She's played a witch who gains her powers after being left by her husband in "The Witches of Eastwick," the mother of a child prostitute in "Pretty Baby," the outlaw in "Thelma and Louise," and a regular wife-to-be in Rocky Horror — a film that blurred the lines of sexuality and the sexes.
"I'm happy to be a part of a film that helped people find their sexuality," said Susan Sarandon, who came to Sonoma this weekend to accept a lifetime achievement award at the Sonoma International Film Festival.
Sarandon — who's performance in "Dead Man Walking" won her an Academy Award," often plays the protagonist in her films, done with artistry and sincerity. But acting as an art? I've never been fully convinced. However, listening to Sarandon speak to a crowd of between 400-500 people Saturday night, about her most controversial roles, I may change my mind.
Sarandon is incredibly intuitive into the minds of her characters— which famously include the modern day outlaw, the lawyer who's lost her children, the baseball groupie. At times, she's even fought to create a more believable script.
When asked about her most controversial films — Thelma and Louise, The Rocky Horror Picture Show, Pretty Baby, Bull Durham, Atlantic City and Dead Man Walking — Sarandon was modest.
"I seem to just do films that hit at a particular time when they become something … in the culture is asking for it, I don’t know it has very little to do with me,”Sarandon said. “I don’t know, you choose films the way you choose lovers, as something you’re trying to figure out at the time.”
"Those are all films that caused trouble, that’s what makes them iconic I think," she said. "They're all kind of controversial or almost didn’t get released."
I've been a Susan Sarandon fan since my mom sat me down when I was 10 years old to watch "Thelma and Louise." Then, of course, I've seen "The Client" more times than I can count and "Dead Man Walking," was just amazing. But even so, I wasn't sure what to expect.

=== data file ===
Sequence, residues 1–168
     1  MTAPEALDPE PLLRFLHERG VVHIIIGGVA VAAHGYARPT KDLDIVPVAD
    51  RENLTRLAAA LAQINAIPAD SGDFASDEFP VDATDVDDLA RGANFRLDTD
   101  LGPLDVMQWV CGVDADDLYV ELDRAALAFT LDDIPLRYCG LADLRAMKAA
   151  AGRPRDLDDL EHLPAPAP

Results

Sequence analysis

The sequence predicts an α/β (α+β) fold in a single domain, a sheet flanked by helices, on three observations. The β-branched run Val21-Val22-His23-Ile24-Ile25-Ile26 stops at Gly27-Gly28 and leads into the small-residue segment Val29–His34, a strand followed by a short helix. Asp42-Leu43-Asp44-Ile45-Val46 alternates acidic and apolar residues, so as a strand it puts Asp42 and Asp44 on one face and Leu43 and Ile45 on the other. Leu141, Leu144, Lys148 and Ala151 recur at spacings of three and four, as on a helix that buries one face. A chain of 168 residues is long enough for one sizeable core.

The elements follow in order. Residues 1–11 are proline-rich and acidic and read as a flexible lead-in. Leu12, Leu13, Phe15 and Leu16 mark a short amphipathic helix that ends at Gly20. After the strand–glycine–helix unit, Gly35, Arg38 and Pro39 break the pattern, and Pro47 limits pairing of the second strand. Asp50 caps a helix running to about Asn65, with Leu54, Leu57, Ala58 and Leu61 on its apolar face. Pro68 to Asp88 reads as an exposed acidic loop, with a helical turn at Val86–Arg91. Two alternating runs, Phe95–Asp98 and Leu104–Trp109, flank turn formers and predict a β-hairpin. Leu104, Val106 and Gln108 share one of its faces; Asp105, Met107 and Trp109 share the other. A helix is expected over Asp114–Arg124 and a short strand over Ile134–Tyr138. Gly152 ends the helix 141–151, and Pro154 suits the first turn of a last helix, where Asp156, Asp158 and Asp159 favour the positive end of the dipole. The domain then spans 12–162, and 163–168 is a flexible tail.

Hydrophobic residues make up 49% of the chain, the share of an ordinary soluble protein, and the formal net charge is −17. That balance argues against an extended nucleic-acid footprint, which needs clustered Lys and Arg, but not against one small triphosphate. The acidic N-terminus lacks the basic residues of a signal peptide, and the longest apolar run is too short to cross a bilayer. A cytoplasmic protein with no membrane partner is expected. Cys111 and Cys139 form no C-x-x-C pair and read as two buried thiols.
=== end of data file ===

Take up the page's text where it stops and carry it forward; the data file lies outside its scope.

I found Sarandon to be a very real. She grew up in New York, one of nine children, and never went to acting school. She was kind of "discovered" on a set with her ex-husband, Chris Sarandon. She spoke candidly about what it's like to be cult classic icon, how it felt to star in roles with actors like Jack Nicholson, Tommy Lee Jones and Sean Penn, and to how she worked with different directors.
She was very sincere; it was almost as if she was thinking out loud when asked about why she chose movies. She had to love it, she said — the role, the story, the leading men. Sarandon spoke about her characters as if they were old friends.
"Every time I decide to do a movie, it's because it's some kind of love story," Sarandon said.
She dressed simply: black flats and a merlot sweater. She laughed often and joked openly about past boyfriends, drinking wine and smoking. She watched, with the audience, several film montages starring herself.
"I can watch that because it doesn't even feel like myself anymore," Sarandon said.
I was hooked. Thrilled. She was a real person. I wanted to hear about every movie. Sarandon spoke candidly about what it was like to play the role of Louise in "Thelma and Louise," and how she threw herself into the role of Louise. It was how she described every character she's played. She became the person, and at times rewrote the script.
That movie — I popped it in right when I got home. Oh yes, I remembered. Two women on the lam for killing a man who tried to rape one of them. But it was more than that, it was a story of friendship and finding yourself. It made me feel so much at such a young age, and to hear Sarandon talk about it was remarkable. The film made me realize what kind of man I didn't want to be with, and in a way it made me feel free.
Sarandon talked for nearly 20 minutes about the scene in "Thelma and Louise" when Thelma was assaulted. Sarandon, a seasoned waitress, defends her friend who's being raped.
"I think she’s trying to figure something out, and that should be what drives her, not just revenge," Sarandon said about the role. "She’s trying to understand because she’s been raped, what leads to that … and then when that scene happens something just goes off and she basically just wants to shut him up."
In another scene, Sarandon said it wasn't believable for her character to be intimate with her character's boyfriend in the film, Jimmy, because she'd been raped in Texas.
Essentially, Sarandon rewrote the part.
It's almost as if the two are searching to find themselves through the hardships they'd been through — Thelma with a terrible husband and Louise with her attack.
"She was just unbelievable, I thought it was just inspiring even on a human level - that part about love every day, you can't beat that," said Sonoma City Council member Ken Brown.
Today Sarandon acts on Broadway and is working on a documentary about ping-pong. She says she always wants to challenge herself.
"I'm always terrified whenever I start everything," Sarandon said.